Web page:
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Recent Contenders for SCSCS Wins and Championships Hunting for More Trophies in 2021


Statesville, North Carolina (April 9, 2021) – One certainty fans can look forward to about the upcoming Super Cup Stock Car Series season, which kicks off in less than a month at Virginia’s Dominion Raceway, is the caliber of talent that not only races for wins but battles for a season-long title.  The accumulation of experience among many has built up quite the contingent for 2021, in which recent success altogether could result in one of the closest contests between multiple committed racers.


2019 was finally Kevin Kromer’s moment.  The Walnutport, Pennsylvania driver overcame a handful of obstacles to win a series record seven times and, after 10 years of trying, captured the biggest trophy of them all.  With the championship winning No. 77 mainly intact leading into the offseason, eyes turned to doubling the K2 Motorsports fleet, and the team has been ready to go for several months now.


Nevertheless, Kromer, aware of who he will continue to be up against, knows that the homework never stops and has to be completed before taking the green flag.


“We have to be just as prepared as we were (in 2019),” the all-time leader in career starts, top five and top 10 finishes remarked.  “I think we’re going to have to be a little more because I know Ron (Langdon) is going to step his game up, Bob Schacht is coming back, and I hear (multi-time Southern Division champion) Ben Ebeling is going to be back.  Those guys are tough competitors.  This series here is not easy to win and it’s not easy to do what I did by any means.  Regardless of whether you’re running first or fifth or seventh, it’s competitive and there’s probably a dozen cars that can win on any given night.”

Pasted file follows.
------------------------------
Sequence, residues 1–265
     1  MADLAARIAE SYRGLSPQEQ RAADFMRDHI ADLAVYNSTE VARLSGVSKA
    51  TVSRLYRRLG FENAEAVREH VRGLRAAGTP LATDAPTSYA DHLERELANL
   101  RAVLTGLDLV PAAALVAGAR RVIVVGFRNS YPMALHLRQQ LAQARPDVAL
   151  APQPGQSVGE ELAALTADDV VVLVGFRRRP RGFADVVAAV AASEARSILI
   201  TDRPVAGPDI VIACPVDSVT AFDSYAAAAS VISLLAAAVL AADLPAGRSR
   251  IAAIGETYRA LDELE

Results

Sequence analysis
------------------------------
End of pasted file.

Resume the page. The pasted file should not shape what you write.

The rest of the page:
While the time in the shop has consisted of some serious effort, Kromer has found some instances to enjoy the lighter side of racing with his grandson Kamron starting to make laps in quarter midgets last spring and already winning races.  That initially included a little practice duel in their yard.


“I was giving him some lessons but he actually gave me a lesson and kept running into me,” Kromer laughed.  “He had a faster kart than me, and if I would have had a good one I would’ve spun him out.”

Kromer has a new car to debut at some point in the year, but can go with the trusty championship ride from before as well.  It will be nice for him to have a backup at particular events in case something unexpected occurs on race day.  The cars were named Thunderstruck and Back In Black after a partner of theirs which came aboard late in 2019 and will be a key part of a second annual benefit event on April 24th, the weekend before the series gets going at Dominion, that has personal meaning to him and his family as a cancer survivor.